All of Saskatchewan remains under an extreme cold warning as Environment and Climate Change Canada (ECCC) estimates temperatures as low as minus 50 in some parts of the province.

On their website, ECCC said that “extreme cold puts everyone at risk.”

“Risks are greater for young children, older adults, people with chronic illnesses, people working or exercising outdoors, and those without proper shelter,” ECCC said.

In Regina and Saskatoon, all transit to schools was cancelled for Monday, due to the extreme cold.

If wind chill is at –40C or lower at 6 am, transportation for students requiring vehicles equipped with lifts (for wheelchairs) will be cancelled. All student transportation is cancelled at –45C windchill at 6 am. Schools remain open, unless otherwise announced.

— Regina Public Schools (@RegPublicSchool) February 5, 2021

RECORDS SET, TIED

Here is a list of weather records that were broken and tied on Sunday. Note that these are intial findings from ECCC, and not its final report.

Buffalo Narrows

  • New record: -46.4
  • Cold Record: -40, 1962
  • Records kept since 1962

Collins Bay

  • New record: -43.4
  • Old record: -42.6, 1983
  • Records kept since 1972

Key Lake

  • New record: -48.7
  • Old record: -46.5, 2019
  • Records kept since 1976

Stony Rapids

  • New record: -47.6
  • Old record: -46.9, 1962
  • Records kept since 1960

Uranium City

  • New record: -48.9
  • Old record: -40, 2019
  • Records kept since 1966

Environment Canada meteorologist Terri Lang told CTVNews.ca on Monday that the record-breaking cold has been brought on by a polar vortex moving across western Canada, causing some regions to feel as cold as -50 with the wind chill.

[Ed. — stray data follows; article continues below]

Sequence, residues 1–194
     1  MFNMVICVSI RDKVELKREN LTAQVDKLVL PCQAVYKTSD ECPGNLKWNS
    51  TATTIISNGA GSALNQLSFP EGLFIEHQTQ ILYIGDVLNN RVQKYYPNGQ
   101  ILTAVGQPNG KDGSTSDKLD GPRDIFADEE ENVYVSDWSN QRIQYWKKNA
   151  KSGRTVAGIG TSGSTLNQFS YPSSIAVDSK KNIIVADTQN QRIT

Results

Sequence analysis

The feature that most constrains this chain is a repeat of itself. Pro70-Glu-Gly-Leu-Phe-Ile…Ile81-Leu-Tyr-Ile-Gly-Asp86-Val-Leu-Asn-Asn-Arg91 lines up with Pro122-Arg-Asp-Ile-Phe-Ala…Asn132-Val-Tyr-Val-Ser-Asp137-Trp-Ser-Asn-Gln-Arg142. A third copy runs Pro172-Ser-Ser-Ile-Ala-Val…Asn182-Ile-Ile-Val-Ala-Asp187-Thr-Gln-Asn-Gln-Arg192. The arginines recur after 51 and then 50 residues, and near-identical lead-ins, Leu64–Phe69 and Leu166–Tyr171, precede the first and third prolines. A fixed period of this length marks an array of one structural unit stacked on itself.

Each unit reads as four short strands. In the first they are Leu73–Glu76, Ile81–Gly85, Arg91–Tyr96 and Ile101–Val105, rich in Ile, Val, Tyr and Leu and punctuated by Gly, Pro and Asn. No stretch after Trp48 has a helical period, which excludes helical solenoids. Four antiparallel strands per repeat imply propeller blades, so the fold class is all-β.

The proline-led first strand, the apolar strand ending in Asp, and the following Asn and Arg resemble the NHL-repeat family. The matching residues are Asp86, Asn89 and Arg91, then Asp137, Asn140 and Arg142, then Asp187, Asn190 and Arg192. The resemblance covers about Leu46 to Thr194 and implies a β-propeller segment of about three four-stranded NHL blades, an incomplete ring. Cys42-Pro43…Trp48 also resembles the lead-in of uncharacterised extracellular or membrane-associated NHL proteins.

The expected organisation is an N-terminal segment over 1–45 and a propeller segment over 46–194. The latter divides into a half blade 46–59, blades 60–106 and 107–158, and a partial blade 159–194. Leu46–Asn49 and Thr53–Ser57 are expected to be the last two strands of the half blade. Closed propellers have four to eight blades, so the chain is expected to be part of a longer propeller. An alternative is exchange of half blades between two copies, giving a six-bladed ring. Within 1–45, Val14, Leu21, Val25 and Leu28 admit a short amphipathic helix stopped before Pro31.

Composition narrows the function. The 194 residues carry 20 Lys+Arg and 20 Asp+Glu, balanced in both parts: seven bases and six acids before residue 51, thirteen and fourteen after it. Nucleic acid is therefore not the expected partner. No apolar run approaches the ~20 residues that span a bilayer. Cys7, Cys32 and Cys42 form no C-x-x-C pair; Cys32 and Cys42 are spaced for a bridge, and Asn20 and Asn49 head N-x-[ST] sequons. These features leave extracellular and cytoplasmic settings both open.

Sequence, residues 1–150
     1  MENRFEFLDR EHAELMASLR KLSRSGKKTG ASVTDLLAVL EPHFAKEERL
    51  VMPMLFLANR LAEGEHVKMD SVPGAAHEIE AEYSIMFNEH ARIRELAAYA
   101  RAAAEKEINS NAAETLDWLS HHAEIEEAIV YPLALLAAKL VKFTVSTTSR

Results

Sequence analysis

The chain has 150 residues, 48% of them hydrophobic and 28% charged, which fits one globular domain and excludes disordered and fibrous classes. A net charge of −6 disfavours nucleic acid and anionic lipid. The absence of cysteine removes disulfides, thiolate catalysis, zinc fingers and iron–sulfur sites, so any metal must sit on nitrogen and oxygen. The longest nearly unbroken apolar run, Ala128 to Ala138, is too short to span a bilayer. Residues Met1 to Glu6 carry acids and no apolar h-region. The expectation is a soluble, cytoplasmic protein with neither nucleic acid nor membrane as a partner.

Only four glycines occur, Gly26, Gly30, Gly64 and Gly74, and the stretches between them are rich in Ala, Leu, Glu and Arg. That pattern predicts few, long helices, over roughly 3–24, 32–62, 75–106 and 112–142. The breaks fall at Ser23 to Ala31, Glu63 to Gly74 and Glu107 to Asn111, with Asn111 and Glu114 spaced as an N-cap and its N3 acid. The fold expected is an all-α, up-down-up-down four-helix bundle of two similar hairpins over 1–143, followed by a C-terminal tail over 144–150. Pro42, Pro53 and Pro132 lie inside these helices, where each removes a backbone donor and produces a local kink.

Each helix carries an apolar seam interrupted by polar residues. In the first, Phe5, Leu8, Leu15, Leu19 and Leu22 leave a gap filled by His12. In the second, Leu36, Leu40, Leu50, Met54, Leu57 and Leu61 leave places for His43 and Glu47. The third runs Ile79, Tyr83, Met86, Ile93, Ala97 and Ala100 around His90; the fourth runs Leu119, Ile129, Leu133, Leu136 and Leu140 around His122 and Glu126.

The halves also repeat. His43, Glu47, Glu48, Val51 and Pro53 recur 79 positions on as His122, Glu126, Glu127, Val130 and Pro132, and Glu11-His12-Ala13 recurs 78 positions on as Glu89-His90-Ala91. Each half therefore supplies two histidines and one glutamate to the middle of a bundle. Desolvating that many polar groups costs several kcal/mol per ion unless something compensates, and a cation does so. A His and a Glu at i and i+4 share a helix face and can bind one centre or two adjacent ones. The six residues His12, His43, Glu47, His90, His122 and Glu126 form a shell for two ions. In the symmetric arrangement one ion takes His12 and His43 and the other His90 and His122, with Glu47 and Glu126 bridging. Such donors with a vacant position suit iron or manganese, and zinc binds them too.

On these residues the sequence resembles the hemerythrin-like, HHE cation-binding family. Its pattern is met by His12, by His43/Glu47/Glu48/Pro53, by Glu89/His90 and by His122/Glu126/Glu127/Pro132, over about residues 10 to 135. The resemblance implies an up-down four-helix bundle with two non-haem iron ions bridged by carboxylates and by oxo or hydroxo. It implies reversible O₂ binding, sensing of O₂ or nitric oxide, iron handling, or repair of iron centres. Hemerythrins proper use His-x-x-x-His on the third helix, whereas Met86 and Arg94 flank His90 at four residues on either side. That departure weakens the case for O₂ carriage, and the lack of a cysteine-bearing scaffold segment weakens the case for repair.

"The spinning up of the cold air up around the North Pole… deepens and strengthens in the winter because of the lack of sunshine," Lang said in a telephone interview.

Lang explained that polar vortexes are not unusual, and their remnants push into Canada most winters around this time.

She said a polar vortex contains Arctic air that sits over the poles for much of the winter. When those weather systems break down heading into spring, Lang said, that Arctic air then falls into Canada.

"Across [the] Prairies, we're just getting some of that cold air that's coming down because the jet stream has looped far enough south. This is what happens every winter, and it’s what gives Canada its cold weather," Lang said.

In Uranium City a record was tied on Sunday morning, with minus 48.9 degrees.

“This same temperature has been recorded there once before, on January 15, 1974.” ECCC Weather Saskatchchewan said on Twitter.

It's a cold day out there!

In fact, Uranium City, in far northern Saskatchewan, tied an all-time cold record this morning, at a bone-chilling -48.9 degrees.

This same temperature has been recorded there once before, on January 15, 1974. #skstorm #skwx #cold

— ECCC Weather Saskatchewan (@ECCCWeatherSK) February 7, 2021

“At temps this cold, frostbite can happen in minutes, watch for signs of cold injury,” ECCC Weather Saskatchewan said.

Coldest temps of winter so far, for much of SK are forecast this weekend and early next week. #skstorm

Regina and Saskatoon will see temps between -35°C and -40°C by Mon, Feb 8 morning.

At temps this cold, frostbite can happen in minutes, watch for signs of cold injury. pic.twitter.com/Vn4gPz3sBF

— ECCC Weather Saskatchewan (@ECCCWeatherSK) February 5, 2021

“Canada just recorded its coldest temperature since 2017, thanks to the #polarvortex,” The Weather Network wrote on Twitter.

What's the coldest temperature you've ever experienced? Canada just recorded its coldest temperature since 2017, thanks to the #polarvortex.

Photo: Patsy Larocque

— The Weather Network (@weathernetwork) February 8, 2021

In some parts of Saskatchewan, it was cold enough to turn hot water to vapour. A trick shared far and wide on social media over recent winters.

Experiment to turn boiling water in snow in extreme weather -45 and more feels like in #yqr #yqrwx #skweather #Canada pic.twitter.com/L7GOwAW6MP

— Falak Naz (@nazalteejani) February 6, 2021

With files from CTVNews.ca's Brooklyn Neustaeter.